Nor does the ends of justice exception support our consideration of this issue on appeal.

To invoke the ends of justice exception when sufficiency of the evidence has been raised for the first time on appeal, an appellant must do more than show that the Commonwealth has failed to prove an element or elements of the offense. Otherwise, we would be required under the ends of justice exception to address the merits of every case where a defendant has failed to move to strike the Commonwealth’s evidence as being insufficient to prove an element of the offense.

Redman, 25 Va. App. at 221, 487 S.E.2d at 272. Thus, in order to invoke the ends of justice exception, “the appellant must demonstrate that he or she was convicted for conduct that was not a criminal offense[,] or the record must affirmatively prove that an element of the offense did not occur.” Id. at 221-22, 487 S.E.2d at 272-73.

Here, the evidence does not disprove the challenged element of the offense — the status of Smith and Walton as “firefighter[s] as defined in ??65.2-102.” As Code ??65.2-102 provides, volunteer firefighters are firefighters covered by Code ??18.2-57(C) “if the governing body of the political subdivision in which the principal office of such volunteer [company or squad] is located has adopted a resolution acknowledging such volunteer [personnel] as employees” for purposes of workers’ compensation. As appellant concedes on brief, “the record is barren of any evidence” regarding whether Albemarle County has adopted such a resolution. Although appellant moved this Court to “expand the record” to admit evidence on this issue, an appellate court may not accept evidence and must rely on the evidence admitted in the trial. Because the evidence properly before us on appeal fails to establish that Smith and Walton were not “firefighter[s] as defined in ??65.2-102,” the ends of justice exception does not support our consideration of this claimed error on appeal. Appellant’s claim that application of Rule 5A:18 somehow violates her right to due process also fails; Rule 5A:18 provides “no exception .?.?. to ‘due process’ claims.” Connelly v. Commonwealth, 14 Va. App. 888, 891, 420 S.E.2d 244, 246 (1992).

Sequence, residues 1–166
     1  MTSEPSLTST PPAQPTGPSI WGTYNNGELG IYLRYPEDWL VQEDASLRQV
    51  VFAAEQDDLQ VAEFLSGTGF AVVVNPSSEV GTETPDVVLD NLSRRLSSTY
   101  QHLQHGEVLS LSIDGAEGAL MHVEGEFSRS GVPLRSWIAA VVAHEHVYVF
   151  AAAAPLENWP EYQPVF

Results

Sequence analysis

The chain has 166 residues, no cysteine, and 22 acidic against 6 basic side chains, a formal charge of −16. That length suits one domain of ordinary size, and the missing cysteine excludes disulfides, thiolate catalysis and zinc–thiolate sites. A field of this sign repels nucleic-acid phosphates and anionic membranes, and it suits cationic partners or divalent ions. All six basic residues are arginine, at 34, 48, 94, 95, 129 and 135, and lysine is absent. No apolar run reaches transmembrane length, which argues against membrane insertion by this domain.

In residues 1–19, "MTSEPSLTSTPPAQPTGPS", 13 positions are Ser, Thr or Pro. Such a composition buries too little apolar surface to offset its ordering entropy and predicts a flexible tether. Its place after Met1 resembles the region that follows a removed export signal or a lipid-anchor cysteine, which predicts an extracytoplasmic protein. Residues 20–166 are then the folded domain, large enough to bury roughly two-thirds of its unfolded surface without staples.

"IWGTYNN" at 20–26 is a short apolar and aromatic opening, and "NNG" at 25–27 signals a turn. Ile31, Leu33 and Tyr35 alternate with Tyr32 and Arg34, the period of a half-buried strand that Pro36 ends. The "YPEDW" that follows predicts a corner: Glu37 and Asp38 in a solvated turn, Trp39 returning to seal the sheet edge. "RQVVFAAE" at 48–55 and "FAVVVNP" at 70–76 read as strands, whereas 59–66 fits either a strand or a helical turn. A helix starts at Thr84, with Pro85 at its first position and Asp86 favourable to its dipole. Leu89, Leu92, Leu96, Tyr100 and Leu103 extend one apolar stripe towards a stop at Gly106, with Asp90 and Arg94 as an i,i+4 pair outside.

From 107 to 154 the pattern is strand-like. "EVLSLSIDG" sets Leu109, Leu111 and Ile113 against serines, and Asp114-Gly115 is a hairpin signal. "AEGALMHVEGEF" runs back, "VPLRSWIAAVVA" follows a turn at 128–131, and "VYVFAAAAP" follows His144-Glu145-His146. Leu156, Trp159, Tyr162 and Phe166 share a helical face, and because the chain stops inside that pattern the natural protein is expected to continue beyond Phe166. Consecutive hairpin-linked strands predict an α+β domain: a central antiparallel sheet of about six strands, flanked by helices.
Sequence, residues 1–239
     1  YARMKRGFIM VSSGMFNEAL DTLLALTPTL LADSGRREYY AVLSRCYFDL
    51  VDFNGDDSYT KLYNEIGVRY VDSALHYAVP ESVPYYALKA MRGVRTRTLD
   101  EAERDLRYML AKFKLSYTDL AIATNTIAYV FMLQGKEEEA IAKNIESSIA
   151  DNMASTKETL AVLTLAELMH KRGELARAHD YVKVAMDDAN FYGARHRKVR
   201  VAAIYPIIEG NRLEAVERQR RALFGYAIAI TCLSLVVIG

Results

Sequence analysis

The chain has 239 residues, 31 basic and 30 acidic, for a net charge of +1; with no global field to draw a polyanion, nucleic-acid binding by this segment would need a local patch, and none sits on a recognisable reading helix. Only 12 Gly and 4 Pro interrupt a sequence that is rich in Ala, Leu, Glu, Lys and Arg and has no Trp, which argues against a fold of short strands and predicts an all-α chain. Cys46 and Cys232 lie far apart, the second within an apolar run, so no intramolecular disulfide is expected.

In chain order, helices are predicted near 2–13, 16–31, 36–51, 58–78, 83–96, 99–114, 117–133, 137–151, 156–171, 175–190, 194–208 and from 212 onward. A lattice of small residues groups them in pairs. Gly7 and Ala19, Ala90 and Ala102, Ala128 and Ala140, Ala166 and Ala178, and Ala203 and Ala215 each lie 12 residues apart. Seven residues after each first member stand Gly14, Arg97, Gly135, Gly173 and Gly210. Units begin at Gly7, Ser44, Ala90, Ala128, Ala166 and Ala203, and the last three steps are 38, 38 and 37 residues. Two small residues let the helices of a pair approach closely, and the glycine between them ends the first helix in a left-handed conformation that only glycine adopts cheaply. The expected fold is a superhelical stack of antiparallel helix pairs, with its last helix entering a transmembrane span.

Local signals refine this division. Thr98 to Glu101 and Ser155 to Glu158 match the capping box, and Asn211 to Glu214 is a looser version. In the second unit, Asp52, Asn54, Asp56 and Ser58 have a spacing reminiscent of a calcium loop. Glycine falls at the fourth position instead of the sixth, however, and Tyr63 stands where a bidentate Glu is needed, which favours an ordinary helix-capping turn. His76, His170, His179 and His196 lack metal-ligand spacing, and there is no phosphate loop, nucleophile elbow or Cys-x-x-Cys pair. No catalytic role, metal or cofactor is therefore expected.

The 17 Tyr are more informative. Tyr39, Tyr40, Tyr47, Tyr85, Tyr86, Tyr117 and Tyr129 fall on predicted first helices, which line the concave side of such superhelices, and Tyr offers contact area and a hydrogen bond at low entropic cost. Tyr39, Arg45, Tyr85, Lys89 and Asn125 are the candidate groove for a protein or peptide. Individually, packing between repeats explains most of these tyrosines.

For these reasons, we hold appellant failed to preserve her assignment of error for appeal, and we affirm the challenged convictions.

Affirmed.


FOOTNOTES:

[1]* Pursuant to Code ??17.1-413, this opinion is not designated for publication.

[2] Appellant also was convicted for assault and battery of a law enforcement officer, a felony, and the misdemeanor offenses of obstructing a rescue squad member and driving under the influence, her second or subsequent such offense. She does not challenge these convictions on appeal.

[3] The Commonwealth contends that Code ??18.2-57(C) applies to all volunteer firefighters, regardless of whether the governing body of the relevant political subdivision has recognized such volunteers as employees for purposes of the Workers’ Compensation Act, Title 65.2. We need not reach the merits of the Commonwealth’s argument because we hold that appellant failed to preserve her contention for appeal.